On January 21st, 2020, the Bank of England announced it will be exploring the use-case of a Central Bank Digital Currency (CBDC). The bank will work with a group of other central banks from around the globe, where each bank will share their learnings to educate each other on the potential consequences of utilizing a CBDC.
The Bank of England Exploring a CBDC Explained
The Bank of England (BoE) is the central bank of the United Kingdom. In an announcement released today, the BoE will ‘assess the potential cases’ for a central bank digital currency (CBDC) in its home jurisdiction.
Yet not only will it explore the benefits and possibility of implementing a CBDC, it will share its findings with a consortium of other central banks, who are also exploring CBDCs. Other banks include the Bank of Canada, the Bank of Japan, the European Central Bank, the Sveriges Riksbank — of Sweden, and the Swiss National Bank.
The conglomerate will work together with the Bank for International Settlements (BIS). It will be co-chaired by Benoît Cœuré, head of the BIS Innovation Hub, and Jon Cunliffe, Deputy Governor of the BoE.
According to the announcement, the group will assess the various use cases and implications of utilizing a CBDC. Criteria to be examined include not just economic results but functional and technical design choices, cross-border interoperability, and the “sharing of knowledge on emerging technologies”.
The group will coordinate with a number of additional institutions and forums. Notable entities include the Financial Stability Board along with the Committee on Payments and Market Infrastructures (CPMI).
The Race is On for Central Bank Digital Currencies
A number of powerful central banks across the globe — including some in the group mentioned above — have already begun exploring CBDCs. Distributed Ledger Technology (DLT) is anticipated to bring a number of benefits to central banks in the areas of cross-border payments and settlements, among others.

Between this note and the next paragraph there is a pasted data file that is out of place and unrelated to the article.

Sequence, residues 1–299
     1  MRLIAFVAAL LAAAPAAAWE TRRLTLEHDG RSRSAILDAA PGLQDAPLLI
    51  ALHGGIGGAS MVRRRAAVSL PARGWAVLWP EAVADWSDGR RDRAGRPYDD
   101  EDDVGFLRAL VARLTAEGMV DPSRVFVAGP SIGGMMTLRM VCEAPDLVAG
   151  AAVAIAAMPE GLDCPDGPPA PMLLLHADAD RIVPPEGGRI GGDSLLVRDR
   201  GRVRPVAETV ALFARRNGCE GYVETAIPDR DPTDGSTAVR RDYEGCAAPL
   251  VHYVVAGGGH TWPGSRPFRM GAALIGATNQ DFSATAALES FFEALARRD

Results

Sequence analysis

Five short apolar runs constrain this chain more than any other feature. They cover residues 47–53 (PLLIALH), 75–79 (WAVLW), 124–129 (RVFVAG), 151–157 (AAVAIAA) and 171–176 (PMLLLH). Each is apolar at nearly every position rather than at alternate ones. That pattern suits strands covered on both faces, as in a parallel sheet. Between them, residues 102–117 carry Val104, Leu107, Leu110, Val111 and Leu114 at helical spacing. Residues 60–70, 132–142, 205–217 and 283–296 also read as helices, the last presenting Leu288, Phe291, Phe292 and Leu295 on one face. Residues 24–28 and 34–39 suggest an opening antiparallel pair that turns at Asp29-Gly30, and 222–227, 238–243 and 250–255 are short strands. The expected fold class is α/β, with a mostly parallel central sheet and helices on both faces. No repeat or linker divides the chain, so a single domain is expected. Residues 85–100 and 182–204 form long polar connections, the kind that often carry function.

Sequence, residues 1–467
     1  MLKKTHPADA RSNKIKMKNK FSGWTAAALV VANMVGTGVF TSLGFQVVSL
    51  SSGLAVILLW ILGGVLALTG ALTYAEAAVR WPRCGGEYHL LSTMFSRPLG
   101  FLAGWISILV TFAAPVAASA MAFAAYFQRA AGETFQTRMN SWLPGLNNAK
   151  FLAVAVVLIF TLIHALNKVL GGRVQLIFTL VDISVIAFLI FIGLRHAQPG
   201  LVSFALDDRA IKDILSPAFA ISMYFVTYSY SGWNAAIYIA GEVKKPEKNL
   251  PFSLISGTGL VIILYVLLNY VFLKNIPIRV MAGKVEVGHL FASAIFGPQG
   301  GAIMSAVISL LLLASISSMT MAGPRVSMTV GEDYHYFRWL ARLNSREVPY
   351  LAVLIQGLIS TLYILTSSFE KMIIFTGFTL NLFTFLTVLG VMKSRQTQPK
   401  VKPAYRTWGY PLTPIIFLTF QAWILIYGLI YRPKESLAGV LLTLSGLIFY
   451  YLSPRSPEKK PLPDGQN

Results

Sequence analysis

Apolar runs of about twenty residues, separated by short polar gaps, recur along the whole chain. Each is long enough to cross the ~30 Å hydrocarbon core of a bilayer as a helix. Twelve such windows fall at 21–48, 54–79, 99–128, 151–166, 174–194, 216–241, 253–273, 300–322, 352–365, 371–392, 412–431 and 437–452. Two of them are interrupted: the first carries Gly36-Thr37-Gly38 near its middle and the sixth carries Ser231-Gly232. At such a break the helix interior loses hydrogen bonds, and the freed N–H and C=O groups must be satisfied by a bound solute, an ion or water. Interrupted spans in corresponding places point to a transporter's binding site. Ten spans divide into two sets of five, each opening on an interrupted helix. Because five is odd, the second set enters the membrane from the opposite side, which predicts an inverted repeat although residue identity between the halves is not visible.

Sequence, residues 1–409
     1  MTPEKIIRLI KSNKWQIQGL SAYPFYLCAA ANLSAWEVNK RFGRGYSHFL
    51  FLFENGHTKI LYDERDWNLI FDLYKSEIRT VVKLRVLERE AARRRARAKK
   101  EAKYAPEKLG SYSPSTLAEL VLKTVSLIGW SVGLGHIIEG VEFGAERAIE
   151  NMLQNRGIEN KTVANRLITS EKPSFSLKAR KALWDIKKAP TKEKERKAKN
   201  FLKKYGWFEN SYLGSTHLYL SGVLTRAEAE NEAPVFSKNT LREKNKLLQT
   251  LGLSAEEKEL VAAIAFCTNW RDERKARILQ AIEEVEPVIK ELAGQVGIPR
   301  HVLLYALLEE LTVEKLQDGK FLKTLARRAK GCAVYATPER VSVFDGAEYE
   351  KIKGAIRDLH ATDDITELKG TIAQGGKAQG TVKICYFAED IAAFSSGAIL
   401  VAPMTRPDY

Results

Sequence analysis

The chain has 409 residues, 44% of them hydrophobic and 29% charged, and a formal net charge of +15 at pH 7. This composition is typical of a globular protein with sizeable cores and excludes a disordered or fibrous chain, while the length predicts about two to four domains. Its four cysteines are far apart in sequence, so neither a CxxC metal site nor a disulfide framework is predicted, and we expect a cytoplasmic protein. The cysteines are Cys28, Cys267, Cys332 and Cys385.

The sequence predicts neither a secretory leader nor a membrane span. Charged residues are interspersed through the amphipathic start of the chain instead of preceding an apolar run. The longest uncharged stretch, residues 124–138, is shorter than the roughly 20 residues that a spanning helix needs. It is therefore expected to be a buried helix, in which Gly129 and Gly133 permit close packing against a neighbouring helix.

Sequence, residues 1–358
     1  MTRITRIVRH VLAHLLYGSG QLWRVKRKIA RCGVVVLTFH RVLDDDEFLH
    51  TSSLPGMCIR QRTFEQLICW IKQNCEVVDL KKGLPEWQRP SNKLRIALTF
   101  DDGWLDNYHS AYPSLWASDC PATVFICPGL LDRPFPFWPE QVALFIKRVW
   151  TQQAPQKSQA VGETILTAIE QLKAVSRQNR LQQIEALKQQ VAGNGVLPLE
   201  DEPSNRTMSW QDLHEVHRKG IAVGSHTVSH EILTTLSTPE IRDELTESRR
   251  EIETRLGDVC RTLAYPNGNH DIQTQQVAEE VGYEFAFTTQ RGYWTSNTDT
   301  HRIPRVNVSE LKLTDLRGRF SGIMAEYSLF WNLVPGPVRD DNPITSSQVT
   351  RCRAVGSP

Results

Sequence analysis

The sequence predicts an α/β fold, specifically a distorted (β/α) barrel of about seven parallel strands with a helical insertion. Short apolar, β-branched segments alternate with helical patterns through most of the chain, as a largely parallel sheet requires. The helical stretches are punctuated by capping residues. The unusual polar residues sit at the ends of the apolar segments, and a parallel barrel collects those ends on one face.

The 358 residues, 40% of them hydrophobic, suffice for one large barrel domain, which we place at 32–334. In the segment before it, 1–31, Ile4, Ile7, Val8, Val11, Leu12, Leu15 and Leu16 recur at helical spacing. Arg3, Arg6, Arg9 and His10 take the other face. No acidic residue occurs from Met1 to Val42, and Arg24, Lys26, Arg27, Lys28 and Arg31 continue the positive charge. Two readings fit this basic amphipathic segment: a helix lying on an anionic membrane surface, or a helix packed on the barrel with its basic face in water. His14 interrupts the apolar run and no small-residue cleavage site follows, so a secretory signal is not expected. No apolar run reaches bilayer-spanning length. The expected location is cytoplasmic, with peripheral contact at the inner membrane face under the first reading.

The European Central Bank (ECB), for example, has already assembled a task force to assess the feasibility of a euro CBDC. ECB President Christine Lagarde said one goal is to learn how to minimize the possibility of unintended side effects.
While China has maintained a firm stance against the use of cryptocurrencies, its government has been busy implementing the underlying technology. In late 2019, the Chinese government issued nearly $3 billion worth of bonds using blockchain technology for small business loans.
China is also developing its own CBDC, dubbed ‘DCEP’, for Digital Currency / Electronic Payments. DCEP has been in development since 2014, when China first researched the use of digital currencies.
DCEP is expected to launch in the near future, potentially in the next few months. Once it launches, Chinese officials have said the country will work to develop a legal framework for Security Token Offerings (STOs).
CBDCs are undoubtedly creating a buzz among central banks throughout the world. Some banks have looked at CBDCs for years. As for the BoE and the Bank of Japan, today’s announcement seems to be the first public notice of any development regarding a CBDC.
What do you think about the Bank of England researching Central Bank Digital Currencies along with several other central banks? Do you envision a future where every central bank has its own CBDC? We’d like to know what you think in the comments section below.
Image courtesy of Videvo.